The New Freddie Mercury Demo Has a Vital Message for Our Time

Mercury's stripped-down rendition of "Time Waits for No One" from the multimedia musical "TIME" is a stunning gift from an unforgettable talent.

Dressed in white from head to toe, surrounded by smoke and stage lights, Freddie Mercury looks every inch an angel descended to earth in the video for "Time Waits For No One."

Mercury first recorded the song in 1986, and a version featuring a massive choir of backing vocalists was released that same year. Yesterday marked the release of a never-before-heard demo of the song, featuring only his voice soaring over a triumphant piano backdrop. On it, the singer's unmistakable vocals take center stage, and the stripped-down arrangement communicates the lyrics' message even more powerfully than the original.

Freddie Mercury - Time (Official Video)

"Time Waits For No One" is an almost painfully relevant song that seems handmade for our day and age—though, then again, its call to solidarity taps into something that humanity has seemingly always needed to hear. "We have to build this world together, or we'll have no future at all," Mercury sings, a resounding sentiment for our times and for all time.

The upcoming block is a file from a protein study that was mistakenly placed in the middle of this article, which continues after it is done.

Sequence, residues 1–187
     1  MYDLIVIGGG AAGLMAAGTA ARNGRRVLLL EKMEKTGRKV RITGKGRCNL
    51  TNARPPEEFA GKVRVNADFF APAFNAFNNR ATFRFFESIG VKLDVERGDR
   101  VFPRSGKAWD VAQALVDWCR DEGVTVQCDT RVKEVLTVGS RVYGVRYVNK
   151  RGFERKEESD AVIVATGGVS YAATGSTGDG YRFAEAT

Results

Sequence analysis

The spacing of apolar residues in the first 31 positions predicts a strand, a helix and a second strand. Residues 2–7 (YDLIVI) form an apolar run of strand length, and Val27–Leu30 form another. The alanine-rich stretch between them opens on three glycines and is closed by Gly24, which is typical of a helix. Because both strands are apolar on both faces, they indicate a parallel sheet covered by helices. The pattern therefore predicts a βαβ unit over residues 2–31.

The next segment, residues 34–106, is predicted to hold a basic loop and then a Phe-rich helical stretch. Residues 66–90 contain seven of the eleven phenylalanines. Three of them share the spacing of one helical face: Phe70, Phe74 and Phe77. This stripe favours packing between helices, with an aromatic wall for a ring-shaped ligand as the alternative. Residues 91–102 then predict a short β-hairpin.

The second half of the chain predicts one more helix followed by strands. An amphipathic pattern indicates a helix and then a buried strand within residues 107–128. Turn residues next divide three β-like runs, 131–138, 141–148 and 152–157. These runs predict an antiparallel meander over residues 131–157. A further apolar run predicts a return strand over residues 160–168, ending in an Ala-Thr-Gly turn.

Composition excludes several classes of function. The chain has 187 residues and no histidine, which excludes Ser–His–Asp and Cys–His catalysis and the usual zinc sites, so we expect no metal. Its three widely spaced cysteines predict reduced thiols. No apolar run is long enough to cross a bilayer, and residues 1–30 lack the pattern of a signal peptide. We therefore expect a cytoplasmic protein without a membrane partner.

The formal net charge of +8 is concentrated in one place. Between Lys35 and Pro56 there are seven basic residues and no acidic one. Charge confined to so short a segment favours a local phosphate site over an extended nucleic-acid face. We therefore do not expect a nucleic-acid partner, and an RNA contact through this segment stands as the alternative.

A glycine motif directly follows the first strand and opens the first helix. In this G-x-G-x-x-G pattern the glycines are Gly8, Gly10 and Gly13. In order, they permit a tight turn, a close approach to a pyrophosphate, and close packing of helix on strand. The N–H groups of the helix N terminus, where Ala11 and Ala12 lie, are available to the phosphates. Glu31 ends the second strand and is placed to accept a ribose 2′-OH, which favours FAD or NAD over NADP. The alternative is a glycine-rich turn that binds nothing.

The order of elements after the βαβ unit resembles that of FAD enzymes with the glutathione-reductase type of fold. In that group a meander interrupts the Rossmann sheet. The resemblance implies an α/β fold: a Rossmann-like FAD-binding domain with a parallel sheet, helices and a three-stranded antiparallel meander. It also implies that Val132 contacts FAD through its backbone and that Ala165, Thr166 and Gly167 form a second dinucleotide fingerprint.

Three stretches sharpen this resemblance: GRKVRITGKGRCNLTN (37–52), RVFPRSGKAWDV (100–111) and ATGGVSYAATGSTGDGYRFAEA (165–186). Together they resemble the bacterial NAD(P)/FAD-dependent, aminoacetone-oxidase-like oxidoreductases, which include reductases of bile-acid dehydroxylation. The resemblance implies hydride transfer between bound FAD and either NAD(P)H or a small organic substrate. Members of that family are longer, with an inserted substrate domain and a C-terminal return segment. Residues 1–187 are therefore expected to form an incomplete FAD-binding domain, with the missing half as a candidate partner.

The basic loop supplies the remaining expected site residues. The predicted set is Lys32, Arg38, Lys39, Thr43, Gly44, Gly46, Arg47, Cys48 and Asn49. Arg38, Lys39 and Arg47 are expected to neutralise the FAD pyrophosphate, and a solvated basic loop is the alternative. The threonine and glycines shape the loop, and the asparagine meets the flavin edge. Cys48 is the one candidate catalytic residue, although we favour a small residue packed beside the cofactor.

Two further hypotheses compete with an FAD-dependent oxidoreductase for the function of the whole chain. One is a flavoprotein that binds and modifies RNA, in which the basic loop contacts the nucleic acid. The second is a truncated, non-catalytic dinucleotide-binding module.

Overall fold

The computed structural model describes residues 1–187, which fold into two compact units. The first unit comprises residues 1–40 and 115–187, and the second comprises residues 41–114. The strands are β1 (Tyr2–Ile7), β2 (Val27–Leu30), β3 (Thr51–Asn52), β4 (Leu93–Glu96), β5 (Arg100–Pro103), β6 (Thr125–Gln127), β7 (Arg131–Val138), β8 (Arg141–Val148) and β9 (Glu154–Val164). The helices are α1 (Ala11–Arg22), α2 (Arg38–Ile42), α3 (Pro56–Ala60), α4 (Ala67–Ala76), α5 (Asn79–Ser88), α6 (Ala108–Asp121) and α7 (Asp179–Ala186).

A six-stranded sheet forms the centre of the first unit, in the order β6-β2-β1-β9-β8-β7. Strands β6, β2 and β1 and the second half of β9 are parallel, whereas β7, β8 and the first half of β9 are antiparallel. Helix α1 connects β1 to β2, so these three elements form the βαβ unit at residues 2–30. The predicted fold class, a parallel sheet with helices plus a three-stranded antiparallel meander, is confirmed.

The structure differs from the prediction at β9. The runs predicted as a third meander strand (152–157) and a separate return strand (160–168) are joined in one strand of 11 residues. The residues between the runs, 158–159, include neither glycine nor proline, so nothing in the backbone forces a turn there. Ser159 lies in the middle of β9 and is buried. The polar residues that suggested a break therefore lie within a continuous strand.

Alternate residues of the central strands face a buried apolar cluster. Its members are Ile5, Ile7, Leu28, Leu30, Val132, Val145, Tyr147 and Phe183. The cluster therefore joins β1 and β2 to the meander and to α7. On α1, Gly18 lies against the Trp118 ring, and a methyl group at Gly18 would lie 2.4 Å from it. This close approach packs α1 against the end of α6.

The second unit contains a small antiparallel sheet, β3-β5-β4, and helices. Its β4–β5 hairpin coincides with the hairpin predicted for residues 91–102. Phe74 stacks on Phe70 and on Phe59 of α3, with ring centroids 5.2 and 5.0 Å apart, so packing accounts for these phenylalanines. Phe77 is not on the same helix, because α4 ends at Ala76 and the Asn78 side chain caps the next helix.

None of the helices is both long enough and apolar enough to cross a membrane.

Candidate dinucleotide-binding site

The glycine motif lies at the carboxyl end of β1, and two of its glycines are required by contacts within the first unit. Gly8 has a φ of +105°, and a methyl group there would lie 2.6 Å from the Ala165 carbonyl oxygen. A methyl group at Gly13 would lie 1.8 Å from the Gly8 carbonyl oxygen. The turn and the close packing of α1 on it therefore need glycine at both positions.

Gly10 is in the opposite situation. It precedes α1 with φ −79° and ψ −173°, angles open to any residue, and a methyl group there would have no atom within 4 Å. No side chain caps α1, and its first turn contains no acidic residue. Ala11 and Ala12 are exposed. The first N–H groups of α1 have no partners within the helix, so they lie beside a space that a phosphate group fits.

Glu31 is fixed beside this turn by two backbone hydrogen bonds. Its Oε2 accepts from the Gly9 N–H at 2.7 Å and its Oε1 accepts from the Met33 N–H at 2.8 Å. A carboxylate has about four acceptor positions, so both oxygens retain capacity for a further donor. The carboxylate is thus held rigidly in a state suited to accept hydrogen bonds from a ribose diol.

The song is taken from a musical called TIME, with a book by David Clark and David Soames and music by Jeff Daniels. The show is about a rock star named Chris Wilder, who gets transported along with his band to the High Court of the Universe in the Andromeda Galaxy. Once there, he meets the Time Lord Melchisedic (allegedly inspired by the Time Lord of the Doctor Who series), who tells him that the moment has come to determine if the people on earth can be a part of the universal journey towards peace.

Time the Musical - Dave Clark and Cliff Richard, Freddie Mercury, Dionne

Though he never performed in the show, Mercury sang the main character's part on its concept album, which also featured Julian Lennon and Dionne Warwick. The show's spoken theme, which includes a philosophical speech narrated by Lawrence Olivier, was an unexpected hit on the charts in Australia, but in spite of this, the album remained offline until 2012, when a 25th-anniversary edition was released on iTunes.